71. K.A. stated that on 26 March 2004 her colleague at the Housing Maintenance and Utilities Board, B.I., had requested her to go to the applicant's dwelling following an instruction received from the SCEA. When she arrived there, she saw E.G., Y.A. and five or six police officers. E.G. and Y.A. told her that they needed a female to knock on the applicant's door and asked her to do it. When the door was opened, both the police officers and the SCEA officials quickly entered inside. Before she knocked on the door, Y.A. had also instructed her to procure a lorry. Therefore, she immediately left the scene after knocking on the door. For this reason, she did not witness the act of self-immolation by the applicant's wife. When she returned to the scene of the incident about 30 minutes later, she heard that Chichek Mammadova had attempted suicide and had been taken to hospital. K.A. was then asked to enter the applicant's dwelling and write an itemised list of the applicant's household items that were being loaded onto the lorry. She did not want to do this, but did so under forceful orders from the SCEA officials.
14. B.I., employee of Housing Maintenance and Utilities Board No. 1
72. B.I. stated that he had gone to the applicant's dwelling together with K.A., but had left before all the events had happened because of other urgent business. During the short period when he was there, he saw five or six police officers standing near the Commissariat building and E.G. and Y.A. standing a little further away.
15. T.M., television journalist
73. T.M. testified that at around 1 p.m. on 26 March 2004 she had heard about the incident in the Commissariat building. She immediately went there together with a camera operator. However, when they arrived, everything was over and they could not get any video footage of the relevant events. Thereafter, she went to the hospital where Chichek Mammadova had been taken, but was not able to interview her.
16. R.N., hostel superintendent
74. R.N. was the superintendent of the State-owned hostel where the applicant's family used to live before they moved to the new dwelling at the Commissariat building. According to him, the applicant's family lived in his hostel from 1994 to January 2004. The applicant's wife suffered from a “nervous disease” and was “mentally unstable”. In January 2004 the applicant's family left the hostel. On 26 March 2004 the SCEA officials and police officers brought the applicant's household possessions back to the hostel for “temporary storage” (as they explained). He signed the list of items and locked the applicant's possessions in a separate room. On 6 April 2004 the applicant reclaimed his possessions.
17. N.Q., an acquaintance of the applicant
75. N.Q. testified that, prior to the applicant's eviction from his dwelling, he had gone to the SCEA together with the applicant with the purpose of obtaining permission for the applicant to stay in the dwelling. He noted that, during that meeting, the SCEA officers had explained to the applicant that he was occupying the dwelling illegally. They had not demanded any bribes from the applicant in return for permission to stay there.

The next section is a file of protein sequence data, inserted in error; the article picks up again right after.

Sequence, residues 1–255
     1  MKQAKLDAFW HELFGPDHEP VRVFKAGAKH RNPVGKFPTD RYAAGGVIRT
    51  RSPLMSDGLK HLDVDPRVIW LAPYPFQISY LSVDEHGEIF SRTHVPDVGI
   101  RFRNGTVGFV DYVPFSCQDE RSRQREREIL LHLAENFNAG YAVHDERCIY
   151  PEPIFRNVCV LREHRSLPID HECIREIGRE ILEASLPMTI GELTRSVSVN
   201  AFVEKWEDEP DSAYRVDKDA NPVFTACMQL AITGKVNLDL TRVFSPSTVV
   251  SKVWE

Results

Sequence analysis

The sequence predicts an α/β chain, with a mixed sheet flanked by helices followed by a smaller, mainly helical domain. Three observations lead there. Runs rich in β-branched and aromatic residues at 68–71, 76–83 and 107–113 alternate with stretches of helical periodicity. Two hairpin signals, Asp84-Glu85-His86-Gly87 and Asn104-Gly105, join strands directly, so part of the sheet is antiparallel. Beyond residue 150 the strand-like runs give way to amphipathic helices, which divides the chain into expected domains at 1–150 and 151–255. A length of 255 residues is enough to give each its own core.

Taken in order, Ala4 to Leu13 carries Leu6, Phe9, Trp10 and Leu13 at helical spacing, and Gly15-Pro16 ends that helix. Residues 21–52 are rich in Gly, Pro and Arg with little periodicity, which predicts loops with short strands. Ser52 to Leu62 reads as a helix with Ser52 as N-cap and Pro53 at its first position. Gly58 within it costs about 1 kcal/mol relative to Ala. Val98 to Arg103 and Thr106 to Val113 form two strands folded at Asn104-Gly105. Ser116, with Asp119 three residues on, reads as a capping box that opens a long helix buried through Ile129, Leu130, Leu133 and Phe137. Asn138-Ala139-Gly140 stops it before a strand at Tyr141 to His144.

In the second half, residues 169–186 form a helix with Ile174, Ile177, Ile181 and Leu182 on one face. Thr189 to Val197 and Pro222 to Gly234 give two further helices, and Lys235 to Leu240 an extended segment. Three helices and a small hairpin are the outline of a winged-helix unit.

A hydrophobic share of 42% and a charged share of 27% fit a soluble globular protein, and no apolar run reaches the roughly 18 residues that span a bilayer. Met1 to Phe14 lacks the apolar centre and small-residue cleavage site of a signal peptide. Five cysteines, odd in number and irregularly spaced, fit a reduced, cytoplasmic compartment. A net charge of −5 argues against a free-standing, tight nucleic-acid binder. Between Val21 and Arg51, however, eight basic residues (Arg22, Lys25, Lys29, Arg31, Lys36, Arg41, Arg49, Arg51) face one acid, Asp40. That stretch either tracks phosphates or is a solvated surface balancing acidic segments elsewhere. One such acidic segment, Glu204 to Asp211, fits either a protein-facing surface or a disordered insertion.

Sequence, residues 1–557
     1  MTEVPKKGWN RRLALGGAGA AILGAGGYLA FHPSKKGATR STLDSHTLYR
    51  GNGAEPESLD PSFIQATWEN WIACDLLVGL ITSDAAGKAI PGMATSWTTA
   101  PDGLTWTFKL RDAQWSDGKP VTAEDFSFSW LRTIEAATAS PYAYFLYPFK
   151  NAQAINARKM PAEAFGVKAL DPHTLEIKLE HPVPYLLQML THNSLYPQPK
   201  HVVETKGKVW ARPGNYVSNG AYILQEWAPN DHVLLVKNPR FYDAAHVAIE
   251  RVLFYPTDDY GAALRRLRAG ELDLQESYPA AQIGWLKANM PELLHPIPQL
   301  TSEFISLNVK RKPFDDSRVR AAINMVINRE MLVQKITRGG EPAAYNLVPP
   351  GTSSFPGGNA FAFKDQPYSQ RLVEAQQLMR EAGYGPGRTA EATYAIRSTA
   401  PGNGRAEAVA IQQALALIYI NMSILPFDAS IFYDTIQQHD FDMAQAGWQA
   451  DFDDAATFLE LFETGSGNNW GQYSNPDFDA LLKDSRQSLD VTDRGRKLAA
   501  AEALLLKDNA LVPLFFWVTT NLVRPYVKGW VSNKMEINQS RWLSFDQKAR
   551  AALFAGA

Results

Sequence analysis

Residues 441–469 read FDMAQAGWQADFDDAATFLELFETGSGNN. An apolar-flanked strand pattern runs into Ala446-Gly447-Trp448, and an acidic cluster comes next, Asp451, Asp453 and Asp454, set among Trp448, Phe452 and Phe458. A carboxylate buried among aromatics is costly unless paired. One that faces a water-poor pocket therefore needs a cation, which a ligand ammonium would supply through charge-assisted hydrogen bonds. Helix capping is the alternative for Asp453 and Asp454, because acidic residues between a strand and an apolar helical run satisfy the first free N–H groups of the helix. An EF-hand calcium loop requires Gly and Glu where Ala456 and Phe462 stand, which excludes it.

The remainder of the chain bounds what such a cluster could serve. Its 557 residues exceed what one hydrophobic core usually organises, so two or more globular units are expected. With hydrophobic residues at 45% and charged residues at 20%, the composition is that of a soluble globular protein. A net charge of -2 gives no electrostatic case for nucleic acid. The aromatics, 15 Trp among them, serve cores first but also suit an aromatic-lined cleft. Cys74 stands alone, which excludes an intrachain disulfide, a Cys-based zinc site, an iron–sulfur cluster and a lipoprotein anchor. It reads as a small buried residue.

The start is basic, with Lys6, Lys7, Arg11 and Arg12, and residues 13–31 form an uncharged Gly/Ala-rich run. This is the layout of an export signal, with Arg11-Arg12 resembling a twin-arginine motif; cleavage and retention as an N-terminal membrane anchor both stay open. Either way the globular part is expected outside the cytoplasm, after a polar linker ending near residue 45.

76. S.B. was a member of an association of veterans which occupied part of the premises in the Commissariat building. He described in general how the applicant had carried out repair works in his dwelling. He noted that there had been no objections from any State authorities during the time when the applicant had carried out the work.
II. RELEVANT DOMESTIC LAW
A. Relevant legal provisions on housing of refugees and internally displaced persons
77. Article 2 of the Law on Social Protection of Internally Displaced Persons and Individuals Equated to Them of 21 May 1999 (“the IDP Social Protection Act”) provides as follows:
“Persons displaced from the place of their permanent residence in the territory of the Republic of Azerbaijan to other places within the territory of the country as a result of foreign military aggression, the occupation of certain territories or continuous gunfire shall be considered internally displaced persons subject to the provisions of this Law.”
78. Article 5 of the IDP Social Protection Act provides as follows:
“The relevant executive authority [the Cabinet of Ministers, the State Committee on Refugees' Affairs and local executive authorities, within the scope of their respective competence] shall deal with the housing of internally displaced persons. Residential, administrative and auxiliary buildings, as well as other buildings, shall be used for such housing purposes. Where there is no possibility of housing internally displaced persons in such buildings or where the population density in a specific settlement does not allow such a possibility, they shall be settled in camps specially set up for internally displaced persons. ...
Internally displaced persons may be allowed to temporarily settle on their own only if the rights and lawful interests of other persons are not infringed. Otherwise, the relevant executive authority must ensure resettlement of the internally displaced persons to other accommodation...”
79. Clause 4 of the Regulations on Resettlement of Internally Displaced Persons to Other Accommodation, adopted by the Cabinet of Ministers in Resolution No. 200 of 24 December 1999 (“the IDP Resettlement Regulations”), provides:
“In cases where the temporary settling of internally displaced persons breaches the housing rights of other individuals, the former must be provided with other suitable accommodation.”
B. Criminal Code of 2000
80. Article 125 (“Incitement to suicide”) of the Criminal Code provides as follows: